By Nancy Richie
Love them or hate them, the Florida Manatee (Trichechus manatus latirostris), a subspecies of the West Indian Manatee, is in our waters and has been for millions of years. Love them? Most people do love them and seek them out to view for their unique characteristics – large, gray, sausage-shaped marine mammals with big flippers and a paddle for a tail, slowly moving and grazing through the Florida waters. Hate them? Hate is a strong feeling, but it mostly has been expressed when a slow speed, idle speed or no entry manatee protection zones are established for boating by the state of Florida. Millions of years? Yes, evidence in museums display forty-five-million-year-old animal fossils from the manatee family that were found in Florida. Florida’s native Indians created ceremonial pipes in the form of manatees and manatee bones have been found at refuse sites and in Indian mounds. Writers and explorers from the early nineteenth century commented that West Indian Manatees were “found in large numbers” and were “remarkably abundant”. Pioneers documented killing manatees for meat, oil and hides, but by 1893, Florida passed protection laws that made it illegal to hunt for manatees, even though poaching of these large animals continued throughout the Great Depression and World War II because of a shortage of meat.
As Florida developed and became more populated, of course, more coastal construction and boats became part of the landscape. It is not hard to comprehend why Florida has more boats than any other state. The first report of manatee deaths by boat collision was in 1943. Building on the first protective laws of no hunting, in the early 1980s, speed zones and no entry zones were established by Florida via the Florida Manatee Sanctuary Act (Chapter 370.12(2), Florida Statues.) This Act declared Florida to be a refuge or sanctuary for the manatee and declared it as “Florida’s state marine mammal.” This Act authorized the Florida Fish and Wildlife Conservation Commission (FWC) to adopt rules that regulate speed and operation of motor vessels to protect manatees from death due to collision and from harassment. FWC can also designate habitat, such as sea grass beds, as safe havens for manatees to rest, feed, reproduce, give birth and nurse their young while undisturbed by human activity.
The Florida Manatee is also listed under the 1973 federal Endangered Species Act. This Act provides the mechanism to conserve ecosystems and habitat that support the manatee and further increase protection by making it illegal to harass, harm, pursue, hunt, shoot, wound, kill capture or collect. If you see a manatee or it’s “footprint” on the water surface, a vessel should avoid its path; turn off engine and drift to enjoy the manatee, staying 50 feet from the animal. Any closer is harassment. Manatees do not need to be fed or watered. Being vegetarian, they munch sea grasses and get fresh water from the food they eat. It may be amusing to offer a hose to a manatee for a drink of fresh water, but it does change their natural behavior and puts them in harm’s way of boats and their props.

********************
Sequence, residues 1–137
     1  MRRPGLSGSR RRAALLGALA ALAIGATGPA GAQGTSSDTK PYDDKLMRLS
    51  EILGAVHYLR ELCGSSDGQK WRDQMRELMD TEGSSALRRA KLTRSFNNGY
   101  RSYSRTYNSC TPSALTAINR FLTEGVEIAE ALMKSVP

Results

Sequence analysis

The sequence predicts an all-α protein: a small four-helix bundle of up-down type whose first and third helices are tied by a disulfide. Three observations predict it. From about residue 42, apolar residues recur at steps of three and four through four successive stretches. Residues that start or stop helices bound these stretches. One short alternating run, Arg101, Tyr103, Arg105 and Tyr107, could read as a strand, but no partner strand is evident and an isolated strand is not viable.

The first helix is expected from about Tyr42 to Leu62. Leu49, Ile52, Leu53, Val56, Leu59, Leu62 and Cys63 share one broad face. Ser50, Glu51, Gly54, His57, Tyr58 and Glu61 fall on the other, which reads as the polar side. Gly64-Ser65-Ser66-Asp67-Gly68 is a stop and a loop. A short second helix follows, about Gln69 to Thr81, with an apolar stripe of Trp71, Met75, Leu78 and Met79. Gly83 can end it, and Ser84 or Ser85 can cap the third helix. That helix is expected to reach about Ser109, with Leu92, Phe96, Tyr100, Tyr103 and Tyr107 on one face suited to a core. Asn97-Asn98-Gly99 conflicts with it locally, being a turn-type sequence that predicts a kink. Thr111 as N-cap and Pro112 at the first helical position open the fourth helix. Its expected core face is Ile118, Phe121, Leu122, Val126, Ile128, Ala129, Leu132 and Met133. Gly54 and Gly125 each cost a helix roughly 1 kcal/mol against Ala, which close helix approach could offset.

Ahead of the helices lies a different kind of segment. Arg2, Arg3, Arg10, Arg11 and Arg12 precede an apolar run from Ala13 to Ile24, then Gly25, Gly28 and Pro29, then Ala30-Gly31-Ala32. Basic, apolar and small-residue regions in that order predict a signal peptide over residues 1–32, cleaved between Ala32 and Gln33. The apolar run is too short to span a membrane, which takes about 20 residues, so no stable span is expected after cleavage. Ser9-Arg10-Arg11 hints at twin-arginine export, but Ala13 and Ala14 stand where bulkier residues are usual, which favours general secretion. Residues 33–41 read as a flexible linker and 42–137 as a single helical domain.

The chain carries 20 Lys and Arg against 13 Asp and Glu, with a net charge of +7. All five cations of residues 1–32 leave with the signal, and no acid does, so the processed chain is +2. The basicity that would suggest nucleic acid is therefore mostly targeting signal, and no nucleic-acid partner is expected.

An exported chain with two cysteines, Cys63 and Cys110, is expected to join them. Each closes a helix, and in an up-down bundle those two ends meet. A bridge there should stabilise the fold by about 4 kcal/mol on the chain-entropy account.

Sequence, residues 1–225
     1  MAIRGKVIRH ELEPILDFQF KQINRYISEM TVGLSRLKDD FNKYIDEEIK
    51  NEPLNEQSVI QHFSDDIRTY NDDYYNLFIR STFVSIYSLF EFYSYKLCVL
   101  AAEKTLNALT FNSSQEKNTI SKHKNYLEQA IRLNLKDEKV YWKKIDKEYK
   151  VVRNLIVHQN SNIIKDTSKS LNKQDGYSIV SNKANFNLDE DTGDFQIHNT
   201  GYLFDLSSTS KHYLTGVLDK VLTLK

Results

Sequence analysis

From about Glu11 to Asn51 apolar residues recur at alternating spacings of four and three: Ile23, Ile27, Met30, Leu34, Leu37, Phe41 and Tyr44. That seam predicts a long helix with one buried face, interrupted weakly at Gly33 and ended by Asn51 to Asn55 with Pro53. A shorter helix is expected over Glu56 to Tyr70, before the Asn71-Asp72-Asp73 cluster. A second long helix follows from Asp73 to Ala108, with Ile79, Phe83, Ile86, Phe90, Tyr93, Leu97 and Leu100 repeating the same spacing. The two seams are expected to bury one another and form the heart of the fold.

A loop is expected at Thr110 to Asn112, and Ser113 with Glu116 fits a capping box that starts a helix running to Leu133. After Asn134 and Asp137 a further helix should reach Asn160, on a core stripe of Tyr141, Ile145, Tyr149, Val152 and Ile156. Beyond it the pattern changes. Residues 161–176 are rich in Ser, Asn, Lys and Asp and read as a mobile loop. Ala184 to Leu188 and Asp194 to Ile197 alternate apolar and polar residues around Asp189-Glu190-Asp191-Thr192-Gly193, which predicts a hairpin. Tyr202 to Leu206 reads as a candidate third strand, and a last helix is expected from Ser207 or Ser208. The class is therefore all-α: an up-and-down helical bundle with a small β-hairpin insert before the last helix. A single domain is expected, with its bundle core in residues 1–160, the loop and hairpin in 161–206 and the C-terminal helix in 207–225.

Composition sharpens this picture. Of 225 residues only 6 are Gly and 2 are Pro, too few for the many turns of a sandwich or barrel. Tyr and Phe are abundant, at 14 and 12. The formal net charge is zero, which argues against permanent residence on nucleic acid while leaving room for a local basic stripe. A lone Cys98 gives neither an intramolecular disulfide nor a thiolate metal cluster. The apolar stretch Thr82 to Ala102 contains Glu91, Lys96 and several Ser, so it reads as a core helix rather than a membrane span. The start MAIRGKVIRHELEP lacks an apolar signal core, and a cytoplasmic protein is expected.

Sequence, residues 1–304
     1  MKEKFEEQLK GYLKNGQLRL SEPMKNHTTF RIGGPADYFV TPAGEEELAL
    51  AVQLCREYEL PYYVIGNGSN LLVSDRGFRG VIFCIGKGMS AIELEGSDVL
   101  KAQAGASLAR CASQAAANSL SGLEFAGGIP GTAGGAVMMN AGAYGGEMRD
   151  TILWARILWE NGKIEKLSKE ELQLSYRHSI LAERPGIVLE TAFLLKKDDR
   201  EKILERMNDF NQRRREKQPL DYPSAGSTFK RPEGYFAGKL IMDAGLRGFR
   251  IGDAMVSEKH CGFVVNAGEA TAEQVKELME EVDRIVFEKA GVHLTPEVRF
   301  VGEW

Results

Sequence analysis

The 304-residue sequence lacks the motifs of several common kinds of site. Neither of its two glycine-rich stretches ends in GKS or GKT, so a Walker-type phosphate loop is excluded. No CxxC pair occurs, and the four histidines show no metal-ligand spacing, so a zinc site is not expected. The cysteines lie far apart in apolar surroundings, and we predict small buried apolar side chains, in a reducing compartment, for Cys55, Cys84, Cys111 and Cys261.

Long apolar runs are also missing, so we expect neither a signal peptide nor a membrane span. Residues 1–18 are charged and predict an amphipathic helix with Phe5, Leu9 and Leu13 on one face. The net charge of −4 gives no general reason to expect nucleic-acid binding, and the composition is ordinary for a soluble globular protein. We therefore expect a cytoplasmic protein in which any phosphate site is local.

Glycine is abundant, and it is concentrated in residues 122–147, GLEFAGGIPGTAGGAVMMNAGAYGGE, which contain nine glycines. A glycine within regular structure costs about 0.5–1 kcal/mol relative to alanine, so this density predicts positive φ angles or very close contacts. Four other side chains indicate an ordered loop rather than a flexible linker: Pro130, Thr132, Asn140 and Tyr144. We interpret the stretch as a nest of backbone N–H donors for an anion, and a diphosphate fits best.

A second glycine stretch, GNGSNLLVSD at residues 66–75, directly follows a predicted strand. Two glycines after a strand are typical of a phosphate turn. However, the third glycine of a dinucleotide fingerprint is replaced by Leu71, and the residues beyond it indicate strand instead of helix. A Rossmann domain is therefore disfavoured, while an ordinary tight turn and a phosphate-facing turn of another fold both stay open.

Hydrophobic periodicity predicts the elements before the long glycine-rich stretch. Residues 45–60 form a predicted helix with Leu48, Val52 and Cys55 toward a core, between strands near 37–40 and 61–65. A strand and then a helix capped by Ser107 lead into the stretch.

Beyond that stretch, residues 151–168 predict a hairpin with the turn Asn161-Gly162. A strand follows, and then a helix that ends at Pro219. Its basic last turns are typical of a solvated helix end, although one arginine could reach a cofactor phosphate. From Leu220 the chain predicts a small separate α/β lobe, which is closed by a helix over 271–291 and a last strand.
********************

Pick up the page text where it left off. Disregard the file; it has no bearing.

Why all this protection and what is the economic impact of protecting manatees? $1.50 from every registered vessel in the State is transferred to Save the Manatee Trust Fund and is used for specific purposes, such as population census, research and education. Some say this fee and posting the speed zones, maintenance and enforcement of the zones is over the top. But these protected zones have helped stabilize the population numbers and have lowered the number of boat collisions resulting in death. Another benefit that is financially important to Florida is the protected manatee habitats also guarantee a healthy marine habitat for other economically important species such as commercial fish, game fish, crustaceans, sea turtles and other animals. They all depend on sea grasses and good water quality conditions to flourish.
Manatees are unique animals; some would say an irreplaceable national treasure as they are a one of a kind species in North America. It is up to residents and visitors of Florida to ensure that this species and its diverse natural habitat are around for many generations to come. Marco Island has a healthy year round population of manatees. Let’s love them, but not to death.
Please report any sightings of harassment (feeding, touching, circling with vessel), distressed, injured or dead manatees by calling the FWC Wildlife Alert number at 1-888-404-FWCC (3922). For more information, stickers or boat banners, please contact Nancy Richie, Environmental Specialist, City of Marco Island at 239-389-5003 or email@example.com.